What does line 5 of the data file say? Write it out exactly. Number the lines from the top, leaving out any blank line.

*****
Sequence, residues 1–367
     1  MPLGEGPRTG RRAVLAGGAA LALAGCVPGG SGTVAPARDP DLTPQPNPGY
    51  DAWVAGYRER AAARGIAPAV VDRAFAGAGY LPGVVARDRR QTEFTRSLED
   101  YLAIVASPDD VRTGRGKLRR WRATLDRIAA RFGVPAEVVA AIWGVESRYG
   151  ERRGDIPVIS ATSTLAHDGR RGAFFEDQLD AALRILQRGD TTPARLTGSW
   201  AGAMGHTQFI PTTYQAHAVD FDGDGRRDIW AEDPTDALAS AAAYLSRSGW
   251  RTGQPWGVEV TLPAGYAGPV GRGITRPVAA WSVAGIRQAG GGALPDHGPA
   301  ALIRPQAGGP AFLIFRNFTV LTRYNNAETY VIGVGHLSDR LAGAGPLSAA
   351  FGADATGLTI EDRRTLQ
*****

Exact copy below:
   151  ERRGDIPVIS ATSTLAHDGR RGAFFEDQLD AALRILQRGD TTPARLTGSW